Day 24 (8/12)
I told Waili I'd stop by the shop, and with a mischievous grin he asked if I had a good time the night before. He told me his father scolded him for getting home too late. He's 28 years old. He treated me to some Uyghur "ice cream", chips of ice shaved from a big block into a bowl with flavoring. He also helped me pick out some Uyghur music CDs and cleared up my confusion about the half-dozen people playing a simple, monotous beat on the drums on the street all day, every day. A new supermarket had opened, and in celebration the drums would keep up the street performance for 15 days, or even 30. Drums are also used to announce weddings, so they're the Uyghur equivalent of Chinese fireworks. I was wondering why trucks sometimes wander the streets with young guys beating away at drums in the back, not that you should necessarily have a reason to do that.
I only managed one tourist-related activity during the day, which was to see the inside of the Id Kah Mosque. The leafy, roofless grounds were pleasant, though surely worshippers mind the tour groups. To me the most interesting thing was the sign at the entrace gate, a fascinating piece of propoganda with all the subtlety of a sledgehammer. After mentioning the restoration of the mosque by the government, the closing paragraph waxed poetic about the perfect harmony and happiness in which Chinese minorities live, and encouraged everyone to work together to fight separatist movements and "illegal religious activities".
The Uyghurs, like many cultures subjected to unnecessarily hot weather, have the amusing habit of sleeping everywhere - in their shops, on a cart, and especially on the patches of grass next to the roads. It's like they got halfway home from the grocery shopping during the afternoon heat and thought you know, screw it, the kids will be alright and this patch of grass is looking pretty good. Not a bad mindset if you ask me.
Day 25 - Yengisar
Besides simply enjoying the atmosphere, I was hanging around Kashgar so I could catch the famous Sunday Market. I had heard it was best to arrive early to avoid the tourists, and that the separate livestock market was more interesting, so I headed there first. The place looked so dead when I arrived that I wondered if the taxi brought me to the right place, but the several tour buses of Westerners served as confirmation. I may have arrived too early after all, and I had an unexplainable urge to turn to someone and say, "boy, there's not much life at this livestock market." It's just as well no one was nearby to receive that paragon of wit.
As the morning unfolded, trucks crammed with cows, donkeys, and sheep made their way into the arena, and things picked up slightly. One bold sheep made a run for his life, possibly having noticed the fly-ridden sheep's heads on the side of the path, but he was quickly shuffled back into the crowd. My favorite thing about sheep is that they sound exactly like people imitating sheep, and not even doing it very well. After waiting a while the chaotic bartering scene I had imagined didn't look like it was materializing anytime soon, and I left with hopes of greater excitement at the Sunday Market.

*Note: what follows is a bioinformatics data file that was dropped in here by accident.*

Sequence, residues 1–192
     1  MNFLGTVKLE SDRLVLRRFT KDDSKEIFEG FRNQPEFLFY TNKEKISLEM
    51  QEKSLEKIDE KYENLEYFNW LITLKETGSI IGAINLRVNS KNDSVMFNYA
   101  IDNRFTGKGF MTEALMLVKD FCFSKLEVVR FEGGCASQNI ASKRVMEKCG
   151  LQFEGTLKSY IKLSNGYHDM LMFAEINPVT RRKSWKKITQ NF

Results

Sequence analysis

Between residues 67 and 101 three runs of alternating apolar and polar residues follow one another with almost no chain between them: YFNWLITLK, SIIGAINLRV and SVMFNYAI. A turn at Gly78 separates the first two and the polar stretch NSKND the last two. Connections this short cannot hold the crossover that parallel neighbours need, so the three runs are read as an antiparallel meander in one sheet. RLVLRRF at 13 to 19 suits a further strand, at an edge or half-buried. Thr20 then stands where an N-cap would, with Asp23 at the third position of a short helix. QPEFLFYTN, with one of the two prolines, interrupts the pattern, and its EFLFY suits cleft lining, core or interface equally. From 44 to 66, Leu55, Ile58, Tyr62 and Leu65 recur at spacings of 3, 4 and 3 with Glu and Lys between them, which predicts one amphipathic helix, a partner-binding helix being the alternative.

After having unexpected difficulties getting the taxi driver to understand where I wanted to go (surely every tourist in Kashgar descends upon the Sunday Market), I arrived with anticipation at the event I had structured my week's plans towards attending. However, there was the same strange, dead atmosphere I felt at the livestock market, and I left confused as much as disappoited. I was expecting the crowds of Western and Chinese tourists, but I wasn't expecting there to be so few locals. My guidebook glorified the market and advised "bring twice as much film as you think you'll need"; I took about two pictures. Like a bad album from a favorite band, there was a foulness in the air I couldn't overcome no matter how much I wanted to like it. I did get some useful gift shopping done, but from overheard comments by tour operators and others I suspect the market isn't what it used to be. On the way out I did pass a man selling turtles and baby scorpions, the most satisfying image of the morning.
I felt a bit sad to leave Kashgar, having spent enough days there to grow mildly attached. From there I headed east along the less touristed Southern Silk Road, a series of small towns that are remote enough to have the least diluted Uyghur character. I spent the second half of the day in Yengisar, a small place renowned for making the decorative knives sold throughout the area. Waili had advised against it, saying it was poor, undeveloped, and unfit for tourists. I had been told the same things about Zhangye, so I gave it a shot anyway. He was right; it wasn't interesting, and was the only stop of the trip I should've skipped. It wasn't horrible, and would've been interesting in the impossible event it was the first Uyghur city I'd seen, but the sun was so unbearable I was just torturing myself by being outside. I did get a couple of knives for a good price, but I failed to locate the knife factory and just retreated to my hotel room to read Bill Cosby's "Love and Marriage". You end up with some random things at a book exchange.